On assignment in the South Pacific, landed in Papeete, then a flight to Nuku Hiva in French Polynesia. I’ve been shooting this entire trip, except underwater (can’t wait for the housing) with the Olympus OM-D. I really believe this camera and it’s incredible form-factor is the future of photography. The OM-D E-M5 is a weather resistant, solidly built body that just feels great in your hands. I’ve been using the HLD6 power battery holder, which provides that great function of a vertical shutter release. Shooting both RAW and jpeg, the camera is very fast, and in fixed focus, can operate at 9 fps. With tracking it will accommodate 4.5 fps. I’ll be posting a more in-depth reaction to the camera in a later blog.
On this assignment, in addition to Papeete (barely made my connecting flight) I traveled to Nuku Hiva, Millennium Island, Kiritimati, Cook and Fanning Islands-a couple of those landings were not possible due to weather. What I love about the South Pacific, most of it looks as you would hope it would look: beautiful atolls, aquamarine waters and the appropriate trees… On Christmas, my shooting time was quite short and the time of day was not the best. The top two photographs of the little girl dancers were taken on Christmas, and are the subjects of the discussion below. However, this is often the reality of travel photography and provides a window for a discussion of shooting in these less-than-opportune times. What do you do when your experience in an amazing place is limited to those hours around “high noon”, with harsh light and extreme contrast?
1. Take control of the situation I was on Christmas Island, there were locals performing dances and drumming under the palms…or coconut trees, with that filtered light providing not the best lighting conditions. I sat and listened for a while, which gave me time to determine which of the beautiful kids I wanted to ask permission to photograph in a better area. When there was a lull in the music, I approached the obvious leader of this group, and asked if I could, with their assistance and help, move two of the little girls to a point near the lagoon that provided both a great background and a bit of backlighting.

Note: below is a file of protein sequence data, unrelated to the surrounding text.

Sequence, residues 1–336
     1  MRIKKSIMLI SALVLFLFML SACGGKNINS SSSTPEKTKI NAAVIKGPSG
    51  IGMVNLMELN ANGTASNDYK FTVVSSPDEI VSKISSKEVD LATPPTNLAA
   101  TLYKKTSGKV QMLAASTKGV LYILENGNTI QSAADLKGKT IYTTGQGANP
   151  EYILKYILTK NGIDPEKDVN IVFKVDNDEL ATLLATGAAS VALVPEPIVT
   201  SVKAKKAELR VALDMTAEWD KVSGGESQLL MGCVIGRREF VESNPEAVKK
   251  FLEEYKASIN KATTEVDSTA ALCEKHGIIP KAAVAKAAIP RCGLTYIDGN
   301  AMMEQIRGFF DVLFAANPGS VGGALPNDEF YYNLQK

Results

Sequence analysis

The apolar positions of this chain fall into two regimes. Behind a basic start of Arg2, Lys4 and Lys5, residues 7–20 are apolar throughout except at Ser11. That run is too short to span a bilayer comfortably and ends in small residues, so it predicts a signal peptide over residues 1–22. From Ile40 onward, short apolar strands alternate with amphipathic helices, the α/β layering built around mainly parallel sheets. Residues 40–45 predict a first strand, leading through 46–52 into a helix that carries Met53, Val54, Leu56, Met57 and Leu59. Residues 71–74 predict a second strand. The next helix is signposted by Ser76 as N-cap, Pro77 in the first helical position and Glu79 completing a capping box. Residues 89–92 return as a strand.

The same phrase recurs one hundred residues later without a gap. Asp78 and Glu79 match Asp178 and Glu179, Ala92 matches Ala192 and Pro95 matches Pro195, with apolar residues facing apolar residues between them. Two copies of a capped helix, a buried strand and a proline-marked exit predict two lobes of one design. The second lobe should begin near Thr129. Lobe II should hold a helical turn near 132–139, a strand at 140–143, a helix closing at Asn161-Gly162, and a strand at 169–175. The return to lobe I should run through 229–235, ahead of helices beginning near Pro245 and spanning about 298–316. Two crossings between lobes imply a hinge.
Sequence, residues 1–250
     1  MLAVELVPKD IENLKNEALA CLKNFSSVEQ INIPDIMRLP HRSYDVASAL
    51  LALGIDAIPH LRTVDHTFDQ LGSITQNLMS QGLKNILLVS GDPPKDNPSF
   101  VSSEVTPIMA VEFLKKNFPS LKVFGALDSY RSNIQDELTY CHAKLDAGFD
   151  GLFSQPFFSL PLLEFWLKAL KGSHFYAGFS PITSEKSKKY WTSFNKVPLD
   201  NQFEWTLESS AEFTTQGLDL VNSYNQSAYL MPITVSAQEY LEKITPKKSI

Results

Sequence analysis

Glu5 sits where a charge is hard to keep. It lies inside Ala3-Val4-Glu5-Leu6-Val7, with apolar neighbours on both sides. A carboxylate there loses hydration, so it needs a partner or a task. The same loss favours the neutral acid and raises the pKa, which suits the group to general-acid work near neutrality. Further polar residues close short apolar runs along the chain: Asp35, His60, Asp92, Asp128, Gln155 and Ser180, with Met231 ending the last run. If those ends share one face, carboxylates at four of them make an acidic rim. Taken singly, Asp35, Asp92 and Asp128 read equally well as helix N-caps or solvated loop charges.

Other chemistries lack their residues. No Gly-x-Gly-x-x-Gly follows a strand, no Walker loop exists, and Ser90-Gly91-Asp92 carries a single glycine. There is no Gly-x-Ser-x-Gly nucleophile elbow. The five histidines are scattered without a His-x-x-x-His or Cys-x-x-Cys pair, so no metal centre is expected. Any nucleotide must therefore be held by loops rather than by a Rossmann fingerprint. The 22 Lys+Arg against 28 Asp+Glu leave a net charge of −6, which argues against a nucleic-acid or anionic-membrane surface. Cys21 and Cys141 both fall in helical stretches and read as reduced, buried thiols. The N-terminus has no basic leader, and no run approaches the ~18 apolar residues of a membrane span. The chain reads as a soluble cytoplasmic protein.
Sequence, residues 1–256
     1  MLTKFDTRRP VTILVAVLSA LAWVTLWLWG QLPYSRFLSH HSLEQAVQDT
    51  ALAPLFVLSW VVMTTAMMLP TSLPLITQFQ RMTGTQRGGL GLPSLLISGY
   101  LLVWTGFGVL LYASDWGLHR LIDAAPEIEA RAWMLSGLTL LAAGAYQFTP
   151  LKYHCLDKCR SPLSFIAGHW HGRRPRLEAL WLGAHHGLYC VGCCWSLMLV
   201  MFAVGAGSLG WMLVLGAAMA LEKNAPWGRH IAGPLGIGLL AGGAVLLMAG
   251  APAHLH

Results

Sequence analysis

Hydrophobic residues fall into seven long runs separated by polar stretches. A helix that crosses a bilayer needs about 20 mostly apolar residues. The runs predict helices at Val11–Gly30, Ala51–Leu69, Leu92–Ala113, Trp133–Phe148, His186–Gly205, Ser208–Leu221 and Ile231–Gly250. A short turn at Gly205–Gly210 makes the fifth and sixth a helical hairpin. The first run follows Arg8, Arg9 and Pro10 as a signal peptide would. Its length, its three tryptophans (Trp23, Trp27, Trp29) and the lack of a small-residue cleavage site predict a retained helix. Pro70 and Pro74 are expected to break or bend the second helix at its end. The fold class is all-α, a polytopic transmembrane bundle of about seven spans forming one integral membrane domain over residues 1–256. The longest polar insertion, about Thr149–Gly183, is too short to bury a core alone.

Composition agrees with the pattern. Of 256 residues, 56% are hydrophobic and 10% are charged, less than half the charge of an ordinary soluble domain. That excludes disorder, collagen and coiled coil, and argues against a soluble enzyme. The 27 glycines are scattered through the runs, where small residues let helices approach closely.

2. Watch your light The light around the lagoon where we were located was harsh, BUT it was just a few degrees west of being totally vertical. I found that great background, and at the same time I determined where the light was falling…by using my hand held vertically, I saw that if I posed my subjects with their backs to the water, I would find just enough shade on their faces.
3. Use that flash you carried with you Almost being counter-intuitive to shooting in intensely-lit environments, your flash can make the difference in a photograph and a forgotten attempt. Using that fill in light can bring the light value up on your subject, providing a very smooth light and a balance between foreground/background.
4. Set the cameras ambient exposure A great time to shoot in manual exposure, as you’ll want the exposure on the background to be constant, shooting in Program, Aperture or Shutter can alter the exposure to less than ideal. Think about establishing your exposure without the flash initially. This will provide the perfect background, I find that generally my background looks best if about a half stop underexposed.
5. Set your flash to TTL Before you leave on your trip, work a bit with that flash to see if the TTL or auto exposure is where you want it to be…I’ve found that most flash units come from the factory biased a bit towards overexposure. In other words, it’s too bright. You’ll need to experiment with this, the worst time for that experimentation is in the field….do this at home, where you have the time to get this figured out. I always carry a cord that the flash attaches to and the other end goes to the camera’s hot shoe…this allows you to move the flash off-camera, which can help create a more pleasing, more specific style of lighting. I also have a small warming filter taped over the business end of the flash, which makes that light a bit more “golden hour”-ish. Also, use that diffuser that comes with your flash, or buy an after-market diffuser. These simply fit over the end of the unit, which helps soften the light.
6. The closer the flash, the softer the light This maxim will always hold true…I’ve seen so many aspiring photographers use those clever mini-softboxes, with expectation of great lighting…only to be disappointed by the harshness of the light…they had the flash unit too far from the subject. The light source became a point light source, which is harsh. Think of the sun at noon, it’s a very intense light source (from a pretty far distance) that produces a very hard and contrasty light. Now think of that same sun, late afternoon in a tropical environment. That humidity in the air, and the low angle of attack of light(going through more atmosphere and often pollution) essentially creates a huge light box, which allows the light to “wrap around” the subject providing that beautiful, soft light.